This Company Taped AI for its Website — and Landed in Court

Automating work by following guidelines can make the web more welcoming. But more than 600 accessibility experts have put their names up a document requesting website operators not to use such automation tools, including AccessiBe. Signatories include contributors to the W3C guidelines and employees of Microsoft, Apple, and Google. “Automatic detection and fixing of accessibility problems is not reliable enough to make a site work,” according to the document, which accuses some vendors of “fraudulent marketing.”

The site was started by Karl Groves, founder of accessibility consultancy, who provided a 35 -page analysis of AccessiBe’s software in Murphy’s case against Eyebobs. Groves said he surveyed a total of about 1,000 pages from 50 websites using startup technology and found a median of 2,300 violations of W3C guidelines for each site. Groves says that’s a significant undercount, since most of the instructions can only be reviewed by expert, manual analysis. “Artificial intelligence has never acted like that,” he said.

In his report on AccessiBe, Groves cited a picture of a model wearing a white dress being sold on an ecommerce site. The alternative text provided, apparently created by AccessiBe technology, is “Grass nature and summer.” In other cases, he reports, AccessiBe has failed to properly add labels to forms and buttons.

On the homepage of its website, AccessiBe promises “automatic web access.” but supporting documents warn customers that its machine learning technology may not accurately interpret parts of the webpage if it “has not encountered these elements before.”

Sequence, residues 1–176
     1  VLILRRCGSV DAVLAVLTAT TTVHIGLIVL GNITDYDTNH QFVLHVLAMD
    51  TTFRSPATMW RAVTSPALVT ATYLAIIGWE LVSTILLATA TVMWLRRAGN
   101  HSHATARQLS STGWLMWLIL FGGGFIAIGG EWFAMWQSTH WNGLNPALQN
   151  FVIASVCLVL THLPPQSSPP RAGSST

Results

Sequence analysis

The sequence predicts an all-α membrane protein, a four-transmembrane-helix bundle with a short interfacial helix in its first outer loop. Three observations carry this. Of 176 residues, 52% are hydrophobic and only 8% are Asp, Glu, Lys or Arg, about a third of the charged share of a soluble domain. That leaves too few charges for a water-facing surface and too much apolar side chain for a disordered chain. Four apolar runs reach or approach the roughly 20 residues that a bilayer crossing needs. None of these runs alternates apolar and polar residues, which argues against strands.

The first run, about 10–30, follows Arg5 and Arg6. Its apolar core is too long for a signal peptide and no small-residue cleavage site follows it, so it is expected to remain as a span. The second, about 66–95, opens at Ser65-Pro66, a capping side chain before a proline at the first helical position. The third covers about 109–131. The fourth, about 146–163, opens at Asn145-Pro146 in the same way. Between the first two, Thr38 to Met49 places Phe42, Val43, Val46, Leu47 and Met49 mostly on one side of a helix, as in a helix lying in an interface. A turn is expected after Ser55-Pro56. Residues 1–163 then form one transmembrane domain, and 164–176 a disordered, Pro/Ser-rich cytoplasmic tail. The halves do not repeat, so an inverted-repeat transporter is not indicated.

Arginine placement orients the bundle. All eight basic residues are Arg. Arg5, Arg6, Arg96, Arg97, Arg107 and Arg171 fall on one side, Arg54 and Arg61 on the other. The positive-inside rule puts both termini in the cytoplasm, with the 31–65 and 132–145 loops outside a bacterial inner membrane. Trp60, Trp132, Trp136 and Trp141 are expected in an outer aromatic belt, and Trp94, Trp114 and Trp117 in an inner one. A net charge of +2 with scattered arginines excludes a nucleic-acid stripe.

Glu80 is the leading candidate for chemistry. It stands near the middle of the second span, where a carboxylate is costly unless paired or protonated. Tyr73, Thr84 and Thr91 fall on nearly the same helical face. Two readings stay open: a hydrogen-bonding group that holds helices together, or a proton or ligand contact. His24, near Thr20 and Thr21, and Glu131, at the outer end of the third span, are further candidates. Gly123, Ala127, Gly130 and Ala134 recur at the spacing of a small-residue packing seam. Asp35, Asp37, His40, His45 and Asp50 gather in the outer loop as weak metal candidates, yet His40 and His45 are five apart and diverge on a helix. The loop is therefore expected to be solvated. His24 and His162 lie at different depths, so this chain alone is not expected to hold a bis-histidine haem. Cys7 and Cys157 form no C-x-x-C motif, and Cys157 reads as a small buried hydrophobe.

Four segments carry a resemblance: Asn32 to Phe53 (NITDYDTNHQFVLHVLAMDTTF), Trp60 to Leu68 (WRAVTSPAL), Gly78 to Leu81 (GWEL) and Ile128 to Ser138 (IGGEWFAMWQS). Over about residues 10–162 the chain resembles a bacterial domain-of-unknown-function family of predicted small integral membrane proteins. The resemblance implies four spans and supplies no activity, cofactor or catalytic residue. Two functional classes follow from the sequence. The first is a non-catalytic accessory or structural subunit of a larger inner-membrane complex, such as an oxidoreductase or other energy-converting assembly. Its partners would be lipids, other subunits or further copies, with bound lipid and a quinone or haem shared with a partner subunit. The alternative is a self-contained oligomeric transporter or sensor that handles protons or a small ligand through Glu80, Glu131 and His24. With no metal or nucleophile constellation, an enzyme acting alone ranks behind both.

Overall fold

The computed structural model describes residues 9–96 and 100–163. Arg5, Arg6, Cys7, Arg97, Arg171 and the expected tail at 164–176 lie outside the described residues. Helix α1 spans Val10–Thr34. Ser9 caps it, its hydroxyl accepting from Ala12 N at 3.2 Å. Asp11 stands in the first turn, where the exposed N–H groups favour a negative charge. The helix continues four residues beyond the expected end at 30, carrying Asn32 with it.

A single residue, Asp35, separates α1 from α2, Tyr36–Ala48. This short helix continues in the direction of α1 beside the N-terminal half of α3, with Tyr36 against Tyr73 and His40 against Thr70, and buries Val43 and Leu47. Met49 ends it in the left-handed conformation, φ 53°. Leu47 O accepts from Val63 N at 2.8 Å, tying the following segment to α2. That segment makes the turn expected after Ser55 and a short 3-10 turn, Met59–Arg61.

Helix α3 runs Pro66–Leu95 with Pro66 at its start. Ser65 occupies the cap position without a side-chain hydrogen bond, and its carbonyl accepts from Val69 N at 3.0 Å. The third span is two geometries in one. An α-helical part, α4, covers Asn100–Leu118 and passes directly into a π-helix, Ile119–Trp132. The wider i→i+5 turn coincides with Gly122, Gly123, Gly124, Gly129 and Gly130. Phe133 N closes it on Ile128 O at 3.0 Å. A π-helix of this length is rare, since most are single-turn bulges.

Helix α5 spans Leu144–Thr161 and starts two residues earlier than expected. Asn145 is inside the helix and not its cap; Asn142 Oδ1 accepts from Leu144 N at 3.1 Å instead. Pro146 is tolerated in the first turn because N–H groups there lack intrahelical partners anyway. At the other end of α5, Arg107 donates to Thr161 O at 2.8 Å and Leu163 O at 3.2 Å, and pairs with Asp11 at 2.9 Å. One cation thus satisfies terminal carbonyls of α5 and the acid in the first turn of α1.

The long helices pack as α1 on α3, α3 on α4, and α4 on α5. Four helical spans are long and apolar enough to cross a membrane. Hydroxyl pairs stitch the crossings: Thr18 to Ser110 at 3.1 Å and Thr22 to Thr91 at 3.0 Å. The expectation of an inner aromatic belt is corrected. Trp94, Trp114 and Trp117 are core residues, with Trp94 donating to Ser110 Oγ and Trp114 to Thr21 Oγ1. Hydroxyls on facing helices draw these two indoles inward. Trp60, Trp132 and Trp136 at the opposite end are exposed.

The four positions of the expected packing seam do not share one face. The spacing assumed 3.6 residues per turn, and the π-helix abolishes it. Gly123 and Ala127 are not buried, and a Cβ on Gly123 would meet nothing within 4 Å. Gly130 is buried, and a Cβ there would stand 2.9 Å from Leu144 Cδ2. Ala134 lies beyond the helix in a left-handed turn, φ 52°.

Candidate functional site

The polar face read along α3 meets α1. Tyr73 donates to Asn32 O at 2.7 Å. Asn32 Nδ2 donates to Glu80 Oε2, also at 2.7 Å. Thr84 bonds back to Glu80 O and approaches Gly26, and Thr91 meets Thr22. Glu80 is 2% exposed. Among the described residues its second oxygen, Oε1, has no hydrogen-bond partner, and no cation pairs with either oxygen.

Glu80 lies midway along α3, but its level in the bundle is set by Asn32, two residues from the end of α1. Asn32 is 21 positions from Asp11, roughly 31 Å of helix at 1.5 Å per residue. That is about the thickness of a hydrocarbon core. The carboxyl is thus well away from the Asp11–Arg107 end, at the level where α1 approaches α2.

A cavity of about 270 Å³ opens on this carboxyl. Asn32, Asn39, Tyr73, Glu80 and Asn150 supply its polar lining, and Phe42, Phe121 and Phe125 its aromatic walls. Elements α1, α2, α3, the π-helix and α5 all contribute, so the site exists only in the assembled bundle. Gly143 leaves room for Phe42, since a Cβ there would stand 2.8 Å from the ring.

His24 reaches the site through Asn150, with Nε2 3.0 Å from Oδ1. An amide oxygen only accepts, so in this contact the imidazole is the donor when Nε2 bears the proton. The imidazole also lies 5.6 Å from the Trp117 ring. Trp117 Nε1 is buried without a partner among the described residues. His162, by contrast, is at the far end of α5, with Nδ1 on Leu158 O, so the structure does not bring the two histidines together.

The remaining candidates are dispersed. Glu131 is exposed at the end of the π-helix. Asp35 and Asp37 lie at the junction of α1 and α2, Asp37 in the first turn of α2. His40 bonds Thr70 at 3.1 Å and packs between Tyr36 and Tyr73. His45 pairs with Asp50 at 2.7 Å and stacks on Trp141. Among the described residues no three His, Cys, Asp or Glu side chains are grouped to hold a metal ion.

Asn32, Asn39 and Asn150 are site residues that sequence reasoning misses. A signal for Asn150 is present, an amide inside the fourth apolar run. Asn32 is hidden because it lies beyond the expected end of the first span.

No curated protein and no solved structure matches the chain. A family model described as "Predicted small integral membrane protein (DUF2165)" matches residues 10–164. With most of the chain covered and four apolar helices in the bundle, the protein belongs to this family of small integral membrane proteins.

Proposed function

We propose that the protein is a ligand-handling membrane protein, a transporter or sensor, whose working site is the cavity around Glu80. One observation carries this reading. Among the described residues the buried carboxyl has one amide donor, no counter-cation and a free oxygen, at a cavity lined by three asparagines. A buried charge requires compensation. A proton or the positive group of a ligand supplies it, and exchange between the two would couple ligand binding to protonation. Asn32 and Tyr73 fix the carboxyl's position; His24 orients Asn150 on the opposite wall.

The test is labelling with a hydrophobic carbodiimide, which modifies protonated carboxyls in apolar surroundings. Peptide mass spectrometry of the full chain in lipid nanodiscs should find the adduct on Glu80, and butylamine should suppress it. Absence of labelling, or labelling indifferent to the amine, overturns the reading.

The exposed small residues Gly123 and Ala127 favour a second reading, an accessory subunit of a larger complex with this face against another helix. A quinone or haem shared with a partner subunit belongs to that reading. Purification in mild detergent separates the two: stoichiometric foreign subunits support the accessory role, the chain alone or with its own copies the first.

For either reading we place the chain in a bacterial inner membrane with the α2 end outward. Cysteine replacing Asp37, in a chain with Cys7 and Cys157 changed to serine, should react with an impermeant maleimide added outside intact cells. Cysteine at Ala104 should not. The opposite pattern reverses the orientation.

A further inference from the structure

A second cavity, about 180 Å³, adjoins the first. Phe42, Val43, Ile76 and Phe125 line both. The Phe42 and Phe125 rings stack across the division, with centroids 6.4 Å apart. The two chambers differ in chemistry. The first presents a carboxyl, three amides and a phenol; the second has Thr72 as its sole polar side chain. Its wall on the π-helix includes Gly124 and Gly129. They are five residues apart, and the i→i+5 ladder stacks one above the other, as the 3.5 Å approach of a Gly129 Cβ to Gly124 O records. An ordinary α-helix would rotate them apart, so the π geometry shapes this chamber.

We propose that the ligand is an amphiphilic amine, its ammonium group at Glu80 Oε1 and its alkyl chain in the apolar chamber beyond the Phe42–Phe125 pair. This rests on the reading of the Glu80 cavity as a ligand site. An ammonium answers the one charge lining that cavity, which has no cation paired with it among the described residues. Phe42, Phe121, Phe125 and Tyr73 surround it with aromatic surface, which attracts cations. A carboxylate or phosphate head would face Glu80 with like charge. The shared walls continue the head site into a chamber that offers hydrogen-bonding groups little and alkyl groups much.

AccessiBe’s community relations manager, Joshua Basile, says that since he joined the company earlier this year it has become more involved with disability advocacy groups and clarified that it offers “manual remediation” along with automated fix. “It’s an evolving technology and we’re evolving and getting better,” he said.

In a statement, AccessiBe’s head of marketing, Gil Magen, said the company checked the Eyebobs website and found that it complied with accessibility standards. AccessiBe offered clients litigation assistance but Eyebobs declined, the statement said.

In its own statement, Eyebobs said AccessiBe failed to respond to requests for meetings with its attorneys and provided responses in the form “assuring us of our compliance with the web.” Eyebobs will no longer work with AccessiBe nor will we in the future.

Even if the Eyebobs settlement, which ends next year, does not include a claim that its site has problems, the company will have to pay for an external expert audit and dedicate one or more staff access work. “Eyebobs is committed to complying with the ADA and supporting all visitors who come to our website,” said marketing director Megan McMoInau.

Haben Girma, a deafblind disability rights lawyer, says he hopes the Eyebobs suit will discourage companies from using AccessiBe or similar tools. He believes tech companies or regulators like the U.S. Federal Trade Commission should take action against improper marketing of access devices. “Governments, Google, and social media companies can stop the spread of misinformation,” he said.

Experts critical of automated accessibility tools don’t often argue that the technology is completely worthless. Instead they say that placing too much reliance on software risks causing damage.

A 2018 paper of W3C employees praised the potential of using AI to help people with poor vision or other needs but also warned of its limitations. It focuses on a Facebook project using machine learning to create text descriptions for images posted by users as an example. The system won an award from the American Foundation for the Blind in 2017. But its definitions can be difficult to interpret. Sassy Outwater-Wright, director of the Massachusetts Association for the Blind and Visually Impaired, notes that the system sometimes shows concern over body parts— “two people standing, beard, feet, outside, water” —which she calls and “beard trouble. . ”

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